Bisexuality is generally included in the list of alternative ‘sexualities’, along with gay, lesbian and transgendered (hence LGBT). But if marriage is an exclusive sexual relationship, and is only for two people, how does this grant ‘equality’ to bisexuals? On the other hand, if ‘equality’ is the reason for changing our concept of marriage, ought this not to allow either non-fidelity within a marriage of two people or marriages that include more than two people?

Same-sex marriage is unnecessary, given the provisions afforded by civil partnerships. The motivation for redefining marriage to include same-sex relationships is so that these relationships can be treated as essentially ‘the same as’ heterosexual relationships (hence ‘equal marriage’).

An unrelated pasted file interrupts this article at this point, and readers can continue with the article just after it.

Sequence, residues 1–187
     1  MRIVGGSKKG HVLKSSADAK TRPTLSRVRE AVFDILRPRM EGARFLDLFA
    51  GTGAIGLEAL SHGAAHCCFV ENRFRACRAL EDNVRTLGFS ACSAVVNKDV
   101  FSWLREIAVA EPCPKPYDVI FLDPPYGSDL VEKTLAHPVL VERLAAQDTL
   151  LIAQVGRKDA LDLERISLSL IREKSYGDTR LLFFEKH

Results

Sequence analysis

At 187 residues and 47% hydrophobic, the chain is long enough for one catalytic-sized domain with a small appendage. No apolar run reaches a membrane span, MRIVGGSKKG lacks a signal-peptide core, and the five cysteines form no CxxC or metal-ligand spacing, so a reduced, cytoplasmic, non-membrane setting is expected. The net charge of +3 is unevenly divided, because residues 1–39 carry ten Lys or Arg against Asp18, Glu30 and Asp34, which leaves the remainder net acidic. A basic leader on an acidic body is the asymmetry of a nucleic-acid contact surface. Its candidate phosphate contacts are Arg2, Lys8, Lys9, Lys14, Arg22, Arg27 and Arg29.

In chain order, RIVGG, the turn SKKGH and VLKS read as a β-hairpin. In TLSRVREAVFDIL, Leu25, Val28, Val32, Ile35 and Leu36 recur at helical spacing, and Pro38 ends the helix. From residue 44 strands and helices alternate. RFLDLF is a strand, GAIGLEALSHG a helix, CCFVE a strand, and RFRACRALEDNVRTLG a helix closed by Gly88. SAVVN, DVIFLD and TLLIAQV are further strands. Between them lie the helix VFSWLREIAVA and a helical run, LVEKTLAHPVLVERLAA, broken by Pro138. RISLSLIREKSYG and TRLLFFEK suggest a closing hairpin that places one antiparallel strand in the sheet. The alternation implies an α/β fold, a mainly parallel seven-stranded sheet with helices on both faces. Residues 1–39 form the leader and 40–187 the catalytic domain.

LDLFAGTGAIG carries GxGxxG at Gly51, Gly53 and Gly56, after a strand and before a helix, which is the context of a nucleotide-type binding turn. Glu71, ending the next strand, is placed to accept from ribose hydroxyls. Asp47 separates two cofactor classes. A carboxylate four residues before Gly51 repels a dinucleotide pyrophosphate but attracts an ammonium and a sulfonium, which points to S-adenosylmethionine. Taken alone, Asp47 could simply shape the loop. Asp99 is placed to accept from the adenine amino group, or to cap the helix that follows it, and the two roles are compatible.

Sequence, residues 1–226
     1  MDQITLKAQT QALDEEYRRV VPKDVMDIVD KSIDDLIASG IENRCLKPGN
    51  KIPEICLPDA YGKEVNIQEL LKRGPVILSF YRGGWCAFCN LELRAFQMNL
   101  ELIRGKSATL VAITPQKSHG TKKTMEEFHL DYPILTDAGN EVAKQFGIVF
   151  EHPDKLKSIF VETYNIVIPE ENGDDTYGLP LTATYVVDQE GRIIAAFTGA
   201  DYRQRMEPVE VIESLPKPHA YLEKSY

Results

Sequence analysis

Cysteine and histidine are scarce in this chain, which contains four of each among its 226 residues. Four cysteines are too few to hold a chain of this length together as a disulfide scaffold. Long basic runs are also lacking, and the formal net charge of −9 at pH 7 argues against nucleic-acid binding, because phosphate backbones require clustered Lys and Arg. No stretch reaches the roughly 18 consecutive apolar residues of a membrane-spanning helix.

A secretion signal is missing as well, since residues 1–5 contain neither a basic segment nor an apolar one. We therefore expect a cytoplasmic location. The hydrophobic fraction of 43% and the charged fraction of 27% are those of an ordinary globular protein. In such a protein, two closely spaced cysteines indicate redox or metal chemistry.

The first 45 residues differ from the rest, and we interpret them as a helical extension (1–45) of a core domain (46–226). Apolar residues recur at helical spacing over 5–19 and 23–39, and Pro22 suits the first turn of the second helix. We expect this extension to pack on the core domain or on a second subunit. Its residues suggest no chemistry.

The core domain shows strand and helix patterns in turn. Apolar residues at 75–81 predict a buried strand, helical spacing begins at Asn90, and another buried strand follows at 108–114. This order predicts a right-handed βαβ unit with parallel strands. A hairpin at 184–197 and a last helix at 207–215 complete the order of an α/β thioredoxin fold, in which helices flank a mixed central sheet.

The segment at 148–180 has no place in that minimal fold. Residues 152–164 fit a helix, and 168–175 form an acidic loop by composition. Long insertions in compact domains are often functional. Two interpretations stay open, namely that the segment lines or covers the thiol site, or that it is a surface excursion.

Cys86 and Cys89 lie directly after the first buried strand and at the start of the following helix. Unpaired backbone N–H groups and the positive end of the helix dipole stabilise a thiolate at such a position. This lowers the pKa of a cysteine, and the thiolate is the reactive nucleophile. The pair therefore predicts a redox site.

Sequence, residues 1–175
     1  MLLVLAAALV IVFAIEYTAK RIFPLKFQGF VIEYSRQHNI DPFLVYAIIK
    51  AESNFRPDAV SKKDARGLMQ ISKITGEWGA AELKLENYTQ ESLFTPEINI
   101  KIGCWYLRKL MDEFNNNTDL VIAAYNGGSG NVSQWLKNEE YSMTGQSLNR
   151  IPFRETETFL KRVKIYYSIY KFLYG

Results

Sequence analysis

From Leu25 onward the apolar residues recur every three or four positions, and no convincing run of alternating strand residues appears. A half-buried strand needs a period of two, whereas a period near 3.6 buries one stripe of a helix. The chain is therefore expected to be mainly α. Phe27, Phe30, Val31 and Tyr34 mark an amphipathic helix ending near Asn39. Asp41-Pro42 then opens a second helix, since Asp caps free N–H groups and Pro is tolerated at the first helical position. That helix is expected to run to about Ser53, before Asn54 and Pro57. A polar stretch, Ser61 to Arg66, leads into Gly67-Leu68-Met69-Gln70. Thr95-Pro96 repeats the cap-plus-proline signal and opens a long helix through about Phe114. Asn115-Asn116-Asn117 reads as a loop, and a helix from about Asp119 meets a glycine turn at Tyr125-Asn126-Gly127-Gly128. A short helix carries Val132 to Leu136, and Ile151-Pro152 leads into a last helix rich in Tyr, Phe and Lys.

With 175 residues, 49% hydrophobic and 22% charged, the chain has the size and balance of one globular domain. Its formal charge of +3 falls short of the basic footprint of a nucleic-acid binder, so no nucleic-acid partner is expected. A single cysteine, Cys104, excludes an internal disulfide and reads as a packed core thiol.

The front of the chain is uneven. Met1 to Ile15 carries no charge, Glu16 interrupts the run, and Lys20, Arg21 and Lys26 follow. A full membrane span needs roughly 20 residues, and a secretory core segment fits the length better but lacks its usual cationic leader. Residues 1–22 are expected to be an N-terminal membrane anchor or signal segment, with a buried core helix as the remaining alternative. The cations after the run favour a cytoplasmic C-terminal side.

The deliberate effect of this legislation is effectively to impose a doctrinaire view of same-sex attraction and relationships which does not square with the facts of nature.

The doctrinaire approach being taken to same-sex relationships, reinforced by the introduction of same-sex marriage, will severely impact the liberties of those who taken a contrary view. Inevitably it will be deemed an ‘offence’ to question the rightness of same-sex acts if they are just what happens in a same-sex marriage. The freedom to take a ‘common sense’ view will ultimately be lost.